Climate summit in Copenhagen
In Copenhagen, Denmark, delegates from 192 countries are gathering to save the planet from the menace of global warming. Across the North Sea at the University of East Anglia, meanwhile, the research unit that is widely cited as justifying urgent action has been gravely discredited. It will take several weeks before we get to the bottom of "Climategate," so we shouldn't jump to the conclusion that it was all bogus. As things stand now, however, the body of evidence is seriously tainted, and any prudent minded person would insist on further scrutiny of the data. As the Wall Street Journal Online notes, White House Science Adviser John Holdren may be involved in the apparent scientific coverup. (I noted his controversial political role in September.)
Danish Prime Minister Lars Loekke Rasmussen has described the UN climate summit in Copenhagen as an "opportunity the world cannot afford to miss". (See BBC.) Whoa, there! Let's not forget the lesson of Iraq in 2003, the bailout bill last year, and the stimulus package this year: hastily making big decisions under the false premise that there is an overriding emergency can lead to disaster.
For the record, I am a skeptic of global warming claims (see June 29, for example), especially the idea that it can be blamed exclusively on the human race. I have seen photographic evidence that glaciers in several parts of the world are melting at an alarming rate, however, so am by no means complacent about the potential threat, either.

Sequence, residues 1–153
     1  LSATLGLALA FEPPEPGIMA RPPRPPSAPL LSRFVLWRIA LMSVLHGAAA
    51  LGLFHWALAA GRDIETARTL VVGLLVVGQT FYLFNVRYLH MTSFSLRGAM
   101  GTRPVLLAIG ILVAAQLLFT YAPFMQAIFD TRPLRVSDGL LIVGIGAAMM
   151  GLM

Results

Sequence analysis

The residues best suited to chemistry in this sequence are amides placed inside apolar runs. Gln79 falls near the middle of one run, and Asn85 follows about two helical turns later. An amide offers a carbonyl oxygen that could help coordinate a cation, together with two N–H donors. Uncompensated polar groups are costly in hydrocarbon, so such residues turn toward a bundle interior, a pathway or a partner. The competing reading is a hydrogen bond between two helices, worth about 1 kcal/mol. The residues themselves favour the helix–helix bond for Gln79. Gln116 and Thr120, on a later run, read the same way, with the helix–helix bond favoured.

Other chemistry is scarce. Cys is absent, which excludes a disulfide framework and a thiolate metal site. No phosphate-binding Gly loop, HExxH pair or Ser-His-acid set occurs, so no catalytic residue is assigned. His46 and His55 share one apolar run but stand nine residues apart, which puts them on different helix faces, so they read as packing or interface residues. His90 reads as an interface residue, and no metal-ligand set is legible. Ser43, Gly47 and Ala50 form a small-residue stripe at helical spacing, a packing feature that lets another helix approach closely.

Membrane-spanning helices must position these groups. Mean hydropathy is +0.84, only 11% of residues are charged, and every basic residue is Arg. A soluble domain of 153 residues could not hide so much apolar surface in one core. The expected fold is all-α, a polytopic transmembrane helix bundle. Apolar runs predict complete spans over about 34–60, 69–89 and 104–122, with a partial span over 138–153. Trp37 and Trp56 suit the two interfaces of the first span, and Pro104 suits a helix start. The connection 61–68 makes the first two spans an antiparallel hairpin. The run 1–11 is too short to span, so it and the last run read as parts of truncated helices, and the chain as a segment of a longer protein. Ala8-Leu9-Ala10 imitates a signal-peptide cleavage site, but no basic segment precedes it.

In a related story from last month, Al Gore got carried away with "heated rhetoric" once again, claiming that Earth's inner core is "several million degrees." That is true of the sun, but is an extreme overstatement of how hot our own planet's core is. See newsbusters.org.
Politics and morality
Carl Tate made a pitch in favor of good government on Facebook today, rejecting the idea that politics is necessarily dirty. So, I took a moment for a brief lecture:
That's a noble sentiment, Carl, one that I heartily endorse. However, one must remember Reinhold Niebuhr's point that the ethical "children of light" must take into account the Machiavellian insights which the "children of darkness" use to their advantage. Without some grounding in reality, our hopes for a better, cleaner (political) world will end up as vain utopian dreaming.
Also, the problem is not "establishment elites," it's a decay in moral standards all across society, including the "grassroots."
This is Deeds country
Soon after entering Bath County during an Augusta Bird Club field trip last month, our group came upon this creative expression of support for hometown hero Creigh Deeds. It reminds me of what the Angel Clarence told George Bailey (Jimmy Stewart) in the movie It's A Wonderful Life: "No man is a failure who has friends."